Governor Perdue's 2010-11 budget (second year of the biennium budget) released today sustains 2010-11 grants funding for the North Carolina Arts Council as ratified by the North Carolina General Assembly in 2009-10. Despite the prevailing economic news, Governor Perdue's budget recognizes the major contributions the arts are making to economic recovery in North Carolina. The Department of Cultural Resources and Department of Commerce research released in November on the creative industries in North Carolina qualifies 300,000 jobs and $42 billion in products and services. Secretary of Cultural Resources Linda Carlisle continues to travel throughout North Carolina delivering the good news about the role of the arts in a creative economy, and the message is being heard loudly and clearly.

With other neighboring states suffering unprecedented reductions in public support, North Carolina is supremely fortunate to have leaders who understand and invest in the arts industry. We encourage everyone to post a thank you to Governor Perdue on her Facebook page. Tell her you appreciate her commitment to the arts and that you plan to work tirelessly to persuade the Legislature to accept her recommendation on arts funding.

The Governor's budget is only the first step of the budgetary process. The General Government Committees of the House and Senate will begin their work on the budget soon after convening on May 12. Upholding Governor Perdue's recommendation for grants funding is the top priority of ARTS North Carolina as the Legislative session begins on May 12.

Governor Perdue's budget just notched up the imperative to attend ARTS Day on May 18 & 19 and to tell your Legislators why investing in the arts means jobs and money for North Carolina. We also want you to infuse your Legislative discussions with the passion you have for the transformative power of the arts in communities and in our lives. Late registration begins after April 30 and increases the membership registration fee from $25 (a real bargain) to $45. If you are not currently a member, the individual rate of $60 before April 30 includes an individual membership good through June 30, 2011. Register now at artsday.artsnc.org.

Tuesday, April 13, 2010

ARTS Education = MORE Than You Think

In today's lead-up to arts advocacy season, consider these things about ARTS North Carolina's Legislative Agenda item to pass a high school graduation requirement in the arts:
  • The initiative is fully supported by the North Carolina Arts Council agency and their Board of Directors and the Department of Cultural Resources, Linda Carlisle Secretary. DCR has placed the requirement on their Legislative Agenda and is taking a leadership role in the passage of Senate Bill 66 in the North Carolina House of Representatives in the Legislation Session beginning May 12.
  • Because we passed the bill last year in the Senate (SB 66) we are 50% up the mountain.
Passing the requirement would:
  • Elevate the arts in practice to a core academic subject as stated in the Learning Framework for 21st Century Skills,
  • Insure public education equity because every student has engagement with the arts, and
  • Provide more incentives for federal, state, and local support of public school arts programs
The high school requirement is one action step in a comprehensive arts education program for public school in North Carolina. Additional policies to be considered once the high school requirement is passed include a middle school elective requirement, statewide policy for arts education in K-5, higher education teacher training in arts integration, support of A+ Schools, and funding for community and after-school programs that center on arts education.

Students who graduate from high school must have six electives. The law means one "former" elective in music, theatre, dance, or drama becomes a requirement. Additional teachers are not required; hires would now need to include people certified in arts education.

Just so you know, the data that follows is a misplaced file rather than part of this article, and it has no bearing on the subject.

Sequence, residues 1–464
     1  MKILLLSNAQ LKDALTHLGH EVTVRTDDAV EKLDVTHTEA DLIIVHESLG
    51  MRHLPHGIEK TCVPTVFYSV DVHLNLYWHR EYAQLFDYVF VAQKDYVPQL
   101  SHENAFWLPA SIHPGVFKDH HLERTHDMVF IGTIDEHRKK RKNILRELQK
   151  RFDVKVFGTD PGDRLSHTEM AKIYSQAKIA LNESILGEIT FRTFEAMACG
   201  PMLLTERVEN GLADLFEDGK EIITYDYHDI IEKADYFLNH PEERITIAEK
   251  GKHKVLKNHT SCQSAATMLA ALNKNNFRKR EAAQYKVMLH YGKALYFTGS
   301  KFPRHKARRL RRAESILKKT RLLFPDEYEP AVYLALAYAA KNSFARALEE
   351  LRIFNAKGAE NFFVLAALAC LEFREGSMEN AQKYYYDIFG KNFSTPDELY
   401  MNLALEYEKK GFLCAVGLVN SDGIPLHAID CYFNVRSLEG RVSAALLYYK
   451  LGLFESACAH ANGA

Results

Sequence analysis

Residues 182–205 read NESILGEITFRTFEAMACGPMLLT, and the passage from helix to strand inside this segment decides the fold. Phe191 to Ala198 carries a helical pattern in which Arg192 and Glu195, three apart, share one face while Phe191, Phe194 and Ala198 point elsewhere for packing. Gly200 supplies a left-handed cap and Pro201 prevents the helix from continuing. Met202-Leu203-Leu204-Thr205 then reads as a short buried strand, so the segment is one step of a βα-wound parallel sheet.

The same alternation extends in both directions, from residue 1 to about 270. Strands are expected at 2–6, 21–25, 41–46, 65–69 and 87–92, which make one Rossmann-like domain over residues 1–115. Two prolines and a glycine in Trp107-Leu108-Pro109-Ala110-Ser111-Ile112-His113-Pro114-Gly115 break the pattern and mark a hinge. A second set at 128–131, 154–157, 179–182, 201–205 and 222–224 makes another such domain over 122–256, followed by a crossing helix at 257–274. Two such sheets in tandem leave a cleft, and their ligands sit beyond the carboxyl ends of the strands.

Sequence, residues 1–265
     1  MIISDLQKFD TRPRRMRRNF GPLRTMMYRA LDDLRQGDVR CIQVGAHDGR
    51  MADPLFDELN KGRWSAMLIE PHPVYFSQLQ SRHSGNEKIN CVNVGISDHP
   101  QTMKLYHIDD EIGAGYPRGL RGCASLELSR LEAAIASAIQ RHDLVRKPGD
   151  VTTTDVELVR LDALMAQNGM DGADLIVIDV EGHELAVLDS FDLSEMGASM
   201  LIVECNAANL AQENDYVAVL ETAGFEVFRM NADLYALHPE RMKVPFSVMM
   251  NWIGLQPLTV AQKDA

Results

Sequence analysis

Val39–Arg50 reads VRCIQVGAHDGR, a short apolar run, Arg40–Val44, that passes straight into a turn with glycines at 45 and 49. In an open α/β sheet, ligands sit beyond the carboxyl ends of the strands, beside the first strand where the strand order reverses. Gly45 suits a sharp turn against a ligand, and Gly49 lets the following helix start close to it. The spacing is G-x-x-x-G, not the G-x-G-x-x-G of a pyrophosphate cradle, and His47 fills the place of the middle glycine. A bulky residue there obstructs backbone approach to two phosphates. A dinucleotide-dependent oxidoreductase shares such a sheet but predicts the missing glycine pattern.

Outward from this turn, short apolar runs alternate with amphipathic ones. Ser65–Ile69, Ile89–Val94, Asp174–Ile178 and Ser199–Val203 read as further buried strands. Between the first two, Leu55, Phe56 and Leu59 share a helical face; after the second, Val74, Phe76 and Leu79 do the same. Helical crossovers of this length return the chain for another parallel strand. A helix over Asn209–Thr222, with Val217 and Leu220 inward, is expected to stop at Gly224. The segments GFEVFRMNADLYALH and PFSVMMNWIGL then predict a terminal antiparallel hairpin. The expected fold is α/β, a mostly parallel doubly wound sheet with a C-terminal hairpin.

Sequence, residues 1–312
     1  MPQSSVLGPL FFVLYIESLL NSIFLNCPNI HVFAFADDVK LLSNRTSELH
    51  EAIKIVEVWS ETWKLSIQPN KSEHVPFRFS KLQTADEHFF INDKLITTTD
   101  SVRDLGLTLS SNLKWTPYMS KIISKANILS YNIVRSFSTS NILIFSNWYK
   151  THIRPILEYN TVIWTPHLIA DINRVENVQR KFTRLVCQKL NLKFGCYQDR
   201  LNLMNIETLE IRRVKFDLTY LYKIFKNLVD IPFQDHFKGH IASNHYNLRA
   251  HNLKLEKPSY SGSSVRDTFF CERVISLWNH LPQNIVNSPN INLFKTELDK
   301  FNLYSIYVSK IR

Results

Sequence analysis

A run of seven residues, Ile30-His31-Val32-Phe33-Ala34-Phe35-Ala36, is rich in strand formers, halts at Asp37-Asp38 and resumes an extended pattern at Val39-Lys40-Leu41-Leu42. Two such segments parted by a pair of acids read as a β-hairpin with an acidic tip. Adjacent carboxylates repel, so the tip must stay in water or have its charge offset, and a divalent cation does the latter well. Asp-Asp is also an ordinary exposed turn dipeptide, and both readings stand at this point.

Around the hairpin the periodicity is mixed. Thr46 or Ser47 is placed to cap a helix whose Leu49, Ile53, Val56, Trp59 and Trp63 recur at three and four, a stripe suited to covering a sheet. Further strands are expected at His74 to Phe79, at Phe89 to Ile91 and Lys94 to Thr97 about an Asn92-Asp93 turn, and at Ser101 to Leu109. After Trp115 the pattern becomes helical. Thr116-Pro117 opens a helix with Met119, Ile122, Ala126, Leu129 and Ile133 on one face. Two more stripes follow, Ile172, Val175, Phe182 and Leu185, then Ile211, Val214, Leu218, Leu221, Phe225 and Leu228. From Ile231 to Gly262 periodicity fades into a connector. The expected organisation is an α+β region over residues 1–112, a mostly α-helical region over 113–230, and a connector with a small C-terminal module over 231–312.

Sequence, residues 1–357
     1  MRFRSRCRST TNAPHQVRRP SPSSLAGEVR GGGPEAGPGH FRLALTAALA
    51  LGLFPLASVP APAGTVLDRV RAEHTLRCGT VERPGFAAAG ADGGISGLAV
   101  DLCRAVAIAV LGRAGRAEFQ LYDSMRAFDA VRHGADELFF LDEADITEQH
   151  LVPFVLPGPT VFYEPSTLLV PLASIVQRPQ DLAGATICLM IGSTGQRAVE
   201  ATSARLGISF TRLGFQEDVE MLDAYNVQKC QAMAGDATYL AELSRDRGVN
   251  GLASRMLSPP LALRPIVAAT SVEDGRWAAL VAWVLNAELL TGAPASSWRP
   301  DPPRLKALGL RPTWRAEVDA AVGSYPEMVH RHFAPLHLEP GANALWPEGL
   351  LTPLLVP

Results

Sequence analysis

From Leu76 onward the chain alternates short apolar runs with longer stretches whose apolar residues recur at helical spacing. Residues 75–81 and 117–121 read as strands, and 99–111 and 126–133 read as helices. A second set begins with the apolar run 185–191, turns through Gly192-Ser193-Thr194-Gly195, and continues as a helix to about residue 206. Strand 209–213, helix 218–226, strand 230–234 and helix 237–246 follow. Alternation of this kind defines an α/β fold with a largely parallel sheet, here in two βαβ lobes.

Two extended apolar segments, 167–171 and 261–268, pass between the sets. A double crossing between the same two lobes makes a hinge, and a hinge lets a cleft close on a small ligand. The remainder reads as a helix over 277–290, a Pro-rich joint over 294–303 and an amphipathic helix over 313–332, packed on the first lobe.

It will take five years to fully implement. The budget will improve in that length of time.
Want to Help?
  • Attend ARTS Day May 18 & 19 and join with hundreds of North Carolinians in speaking to your Legislators about the requirement: artsday.artsnc.org. Registration is now open. Be sure to register by April 30th, as prices go up after that date.
  • If you belong to an arts or professional organization, pass a resolution in support of the requirement. A template can be found at www.artsnc.org/advocacy and participants are asked to submit the resolution on their letterhead and attach a listing of their Board of Directors by no later than May 7.

Monday, April 12, 2010

We Want You... At Arts Day 2010

What Is ARTS Day?
People who love the arts come to Raleigh to garner public support. ARTS North Carolina will provide materials and training that enable Legislative visits on May 19. We use ARTS Day to thank our leaders and position the arts as an economic imperative. Advancing the cause must be accomplished face-to-face; ideas get lost in translation and passion diminishes if we only rely on e-mails. ARTS Day is intentional advocacy. Can anyone doubt how badly we need people willing to speak for the arts?

What Should Happen Next?

Please register. After April 30, registration fees increase significantly. artsday.artsnc.org

What Then?

Check below to see if there is a Regional Coordinator in your area. The Regional Coordinator will set Legislative appointments and make sure the group is together in message and logistics. If your area does not have a Regional Coordinator, we will send you very simple instructions about how to set an appointment with your Legislators and what to expect when you call their offices. If this is your first time attending and you would like an experienced advocate as a mentor, we can make that happen.

What Else Happens?

ARTS Day 2010 officially begins at 1pm on May 18 with a workshop, It's the Economy, at the North Carolina Museum of Art. Secretary of Cultural Resources Linda Carlisle will lead off a distinguished roster of arts professionals to help attendees communicate effectively about economy, jobs, and the arts in North Carolina's future. Registration will open at 12:30, giving attendees an opportunity to tour the new Museum of Art galleries prior to the workshop or at a scheduled break from 3 - 4pm. http://ncartmuseum.org/interim/home.php An early evening social will begin at 5:45 at the Visual Art Exchange in downtown Raleigh. For a complete schedule: artsday.artsnc.org.

Regional Coordinators